When I first left school, the section of the school magazine devoted to past pupils suddenly became of more interest. There was a fascination in seeing who was marrying, who was fathering, and even who was dying. There was a section devoted to those who had attained the great age of 80 during the past three months. In the 1950's, the list of surviving geriatrics was three or four names. Today it spreads over pages. It is a graphic indication of how our life expectancy has increased during my own life.
The result is that these days I get invited to more and more 80th birthday celebrations. Last night it was time to cheer an old friend, but the cheer was decidedly dampened by the announcement that ten days ago he had been diagnosed with lung cancer, that the cancer had metastasized, and that he had only days to live.He was there, looking pale and on a crutch because his sense of balance had been affected, but he greeted us all. Eighty close friends sat down to dinner in his home, after snacking our way through a mountain of oysters. The wine flowed freely - his wife is a true connoisseur of good vintages - and the talk was loud.
Then the speeches started, and they were wonderful. His wife of 30 years spoke of the exciting times they had had together. His eldest stepson produced some of the finest quotes from the ex-editor's writing, and made an interesting observation - in days past, the elderly usually lived with their family, and death was a familiar experience, while sex was something unspoken and behind closed doors. Today, sex is out in the open, and the elderly die in old-age homes so the young never experience it at close hand!
Then it was the turn of our 80-year old host to speak. He used a microphone, but his voice was firm and strong. He told us of his early life, of being tortured by his schoolmates whenever he spoke English in a predominantly Afrikaans area. He told us how, when he was 10, images of the German concentration camps displayed in the window of a Jewish shop in his country town turned him into a hater of Fascism. When he was 15, the story of a Russian escaping from a Stalinist prison camp in Kamchatka turned into a hater of Communism. These two stakes in the ground had defined his political positions all his life.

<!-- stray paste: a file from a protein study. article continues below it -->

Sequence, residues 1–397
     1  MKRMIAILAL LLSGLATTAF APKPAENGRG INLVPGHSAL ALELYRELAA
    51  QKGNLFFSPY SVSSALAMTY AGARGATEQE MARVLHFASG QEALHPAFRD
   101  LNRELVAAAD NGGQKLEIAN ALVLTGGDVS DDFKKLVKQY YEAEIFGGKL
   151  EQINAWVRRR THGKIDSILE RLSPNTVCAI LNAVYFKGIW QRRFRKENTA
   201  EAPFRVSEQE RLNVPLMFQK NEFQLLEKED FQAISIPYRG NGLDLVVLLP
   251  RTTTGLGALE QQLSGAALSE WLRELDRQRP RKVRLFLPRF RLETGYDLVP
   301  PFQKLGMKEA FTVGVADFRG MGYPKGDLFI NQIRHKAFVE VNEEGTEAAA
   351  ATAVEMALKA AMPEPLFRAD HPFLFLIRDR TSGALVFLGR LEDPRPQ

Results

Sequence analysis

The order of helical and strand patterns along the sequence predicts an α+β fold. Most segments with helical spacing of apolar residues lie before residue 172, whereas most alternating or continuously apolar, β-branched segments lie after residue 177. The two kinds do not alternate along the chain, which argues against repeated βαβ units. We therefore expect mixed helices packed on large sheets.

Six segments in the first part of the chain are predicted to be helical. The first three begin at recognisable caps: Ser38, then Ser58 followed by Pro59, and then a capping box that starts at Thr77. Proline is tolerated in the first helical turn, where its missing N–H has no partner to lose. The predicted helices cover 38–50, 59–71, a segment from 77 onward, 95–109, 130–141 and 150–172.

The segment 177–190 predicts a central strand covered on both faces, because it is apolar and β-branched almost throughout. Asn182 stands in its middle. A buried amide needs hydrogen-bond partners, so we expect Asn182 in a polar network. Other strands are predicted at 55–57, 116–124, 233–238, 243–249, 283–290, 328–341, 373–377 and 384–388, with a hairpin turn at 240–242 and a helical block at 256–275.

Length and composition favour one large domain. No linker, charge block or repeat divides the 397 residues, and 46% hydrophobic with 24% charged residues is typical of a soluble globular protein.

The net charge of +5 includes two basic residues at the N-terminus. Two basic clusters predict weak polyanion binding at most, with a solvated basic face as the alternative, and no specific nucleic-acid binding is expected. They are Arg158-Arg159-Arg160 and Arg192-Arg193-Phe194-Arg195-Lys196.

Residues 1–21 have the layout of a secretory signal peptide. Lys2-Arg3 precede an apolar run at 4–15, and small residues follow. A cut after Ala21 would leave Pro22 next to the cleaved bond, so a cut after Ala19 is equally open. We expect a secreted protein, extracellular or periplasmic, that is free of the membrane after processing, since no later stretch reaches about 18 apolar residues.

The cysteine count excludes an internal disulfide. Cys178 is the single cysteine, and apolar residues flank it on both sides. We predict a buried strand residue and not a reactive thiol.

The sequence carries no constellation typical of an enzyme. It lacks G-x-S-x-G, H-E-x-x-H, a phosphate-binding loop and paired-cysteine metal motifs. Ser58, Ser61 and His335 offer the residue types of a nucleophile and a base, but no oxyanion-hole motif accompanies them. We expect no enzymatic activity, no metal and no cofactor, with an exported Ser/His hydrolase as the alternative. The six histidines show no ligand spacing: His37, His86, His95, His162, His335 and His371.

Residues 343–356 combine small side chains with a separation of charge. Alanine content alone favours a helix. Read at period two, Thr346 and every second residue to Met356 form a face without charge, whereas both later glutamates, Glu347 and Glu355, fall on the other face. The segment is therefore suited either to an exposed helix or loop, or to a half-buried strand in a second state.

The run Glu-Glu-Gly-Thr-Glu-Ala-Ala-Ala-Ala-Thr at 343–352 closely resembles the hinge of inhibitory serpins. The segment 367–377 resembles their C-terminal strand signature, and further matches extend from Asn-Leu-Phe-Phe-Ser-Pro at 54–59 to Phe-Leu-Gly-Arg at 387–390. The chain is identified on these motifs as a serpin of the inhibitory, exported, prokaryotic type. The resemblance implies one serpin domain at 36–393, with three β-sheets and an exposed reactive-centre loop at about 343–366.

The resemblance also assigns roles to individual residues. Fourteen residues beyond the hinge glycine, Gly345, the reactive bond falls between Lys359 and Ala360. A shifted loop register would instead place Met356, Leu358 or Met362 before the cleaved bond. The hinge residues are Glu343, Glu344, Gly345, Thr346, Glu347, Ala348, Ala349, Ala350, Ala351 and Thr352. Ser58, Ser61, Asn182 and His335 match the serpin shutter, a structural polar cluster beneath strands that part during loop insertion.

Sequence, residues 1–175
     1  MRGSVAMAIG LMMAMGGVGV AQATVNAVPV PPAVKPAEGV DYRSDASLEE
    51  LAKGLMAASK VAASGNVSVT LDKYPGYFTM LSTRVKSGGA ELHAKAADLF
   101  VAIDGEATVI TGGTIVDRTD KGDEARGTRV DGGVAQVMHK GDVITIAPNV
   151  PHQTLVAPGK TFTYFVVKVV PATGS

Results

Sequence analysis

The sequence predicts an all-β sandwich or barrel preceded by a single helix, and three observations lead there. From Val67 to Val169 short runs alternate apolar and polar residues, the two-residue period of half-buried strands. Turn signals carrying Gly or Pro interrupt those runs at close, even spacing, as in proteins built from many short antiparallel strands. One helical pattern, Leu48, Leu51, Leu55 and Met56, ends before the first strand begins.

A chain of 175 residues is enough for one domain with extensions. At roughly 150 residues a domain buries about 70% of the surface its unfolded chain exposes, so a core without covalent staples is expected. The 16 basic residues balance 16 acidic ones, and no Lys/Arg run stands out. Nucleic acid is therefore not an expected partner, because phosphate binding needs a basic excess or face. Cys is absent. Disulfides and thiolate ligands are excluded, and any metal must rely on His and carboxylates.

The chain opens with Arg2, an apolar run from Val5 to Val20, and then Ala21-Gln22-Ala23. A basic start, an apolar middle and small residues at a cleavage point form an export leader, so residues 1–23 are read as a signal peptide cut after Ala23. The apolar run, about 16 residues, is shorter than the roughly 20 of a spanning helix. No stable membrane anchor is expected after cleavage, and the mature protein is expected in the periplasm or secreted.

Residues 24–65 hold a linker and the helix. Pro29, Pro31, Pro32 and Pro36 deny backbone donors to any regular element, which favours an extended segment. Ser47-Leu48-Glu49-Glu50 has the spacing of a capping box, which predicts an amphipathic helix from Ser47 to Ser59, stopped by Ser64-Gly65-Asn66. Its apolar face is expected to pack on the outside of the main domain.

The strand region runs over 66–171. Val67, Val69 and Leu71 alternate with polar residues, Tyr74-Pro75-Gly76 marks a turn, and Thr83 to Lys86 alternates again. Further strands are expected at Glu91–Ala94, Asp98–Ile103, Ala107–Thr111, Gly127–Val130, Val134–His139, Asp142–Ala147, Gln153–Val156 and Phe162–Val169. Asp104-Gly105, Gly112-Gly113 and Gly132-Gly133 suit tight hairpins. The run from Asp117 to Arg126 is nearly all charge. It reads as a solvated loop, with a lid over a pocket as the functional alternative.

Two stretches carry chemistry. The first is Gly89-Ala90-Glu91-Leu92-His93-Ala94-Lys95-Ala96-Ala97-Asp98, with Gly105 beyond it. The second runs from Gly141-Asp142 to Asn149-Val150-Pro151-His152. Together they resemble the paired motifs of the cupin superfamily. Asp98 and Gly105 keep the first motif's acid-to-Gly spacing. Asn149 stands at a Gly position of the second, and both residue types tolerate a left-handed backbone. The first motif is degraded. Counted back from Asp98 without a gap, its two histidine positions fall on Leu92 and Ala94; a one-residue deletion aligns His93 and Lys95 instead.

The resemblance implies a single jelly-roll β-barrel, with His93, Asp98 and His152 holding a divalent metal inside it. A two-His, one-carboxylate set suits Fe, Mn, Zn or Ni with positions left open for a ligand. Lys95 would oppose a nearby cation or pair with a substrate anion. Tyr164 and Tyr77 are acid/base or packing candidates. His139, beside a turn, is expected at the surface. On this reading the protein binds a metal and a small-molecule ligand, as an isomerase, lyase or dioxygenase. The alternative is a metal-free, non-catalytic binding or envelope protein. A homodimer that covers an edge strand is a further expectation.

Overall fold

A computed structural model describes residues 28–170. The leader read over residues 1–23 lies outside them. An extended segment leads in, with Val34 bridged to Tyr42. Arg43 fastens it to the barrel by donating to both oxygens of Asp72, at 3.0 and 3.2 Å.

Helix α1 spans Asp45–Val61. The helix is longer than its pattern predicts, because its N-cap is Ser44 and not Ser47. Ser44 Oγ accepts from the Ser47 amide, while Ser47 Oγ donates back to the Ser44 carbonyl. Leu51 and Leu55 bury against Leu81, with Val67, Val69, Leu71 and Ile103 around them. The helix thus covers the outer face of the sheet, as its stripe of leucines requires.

His early life in Fleet Street had led to a series of alcoholic adventures. He expressed his heartfelt thanks to the kind, warm people of Alcoholics Anonymous who had taken him in, dried him out, and returned him to life. He told of returning to a career in journalism, of being given editorship of a prestigious daily and the public disturbances that followed his appointment, of his time as editor of the largest weekend paper with a circulation of over a million, and how he had successfully annoyed virtually everyone at one time or another. He closed by thanking us all for coming to his party, and he was certain that this was the last time he would see us. Then he moved around the room, talking to each in turn, saying farewell.
I found it incredibly moving - so much so that when someone asked me how I felt about the party, I could only respond with a neutral "Most interesting!" He snorted.
But having had an opportunity to sleep on the matter, I have come to grips with the sadness of impending loss of an old friend. I think it was a marvellous occasion. How often have we thought at a funeral how limited was the picture of the dead one's life - this time we had had a picture from the heart and it rang with glorious truth.How often at the wake after a funeral had we reflected that the dead one would really have enjoyed the party - this time, he had.
I think there should be more celebrations like this. We need a word to describe them. Would "departy" fit the bill?